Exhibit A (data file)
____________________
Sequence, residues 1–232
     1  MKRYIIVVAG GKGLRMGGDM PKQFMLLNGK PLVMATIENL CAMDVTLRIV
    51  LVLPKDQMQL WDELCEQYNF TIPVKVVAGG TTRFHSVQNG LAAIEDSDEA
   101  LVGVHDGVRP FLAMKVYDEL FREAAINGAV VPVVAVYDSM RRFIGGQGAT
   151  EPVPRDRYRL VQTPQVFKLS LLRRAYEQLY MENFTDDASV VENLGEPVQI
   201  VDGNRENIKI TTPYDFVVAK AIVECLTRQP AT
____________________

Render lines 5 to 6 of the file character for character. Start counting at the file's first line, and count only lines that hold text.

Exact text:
   151  EPVPRDRYRL VQTPQVFKLS LLRRAYEQLY MENFTDDASV VENLGEPVQI
   201  VDGNRENIKI TTPYDFVVAK AIVECLTRQP AT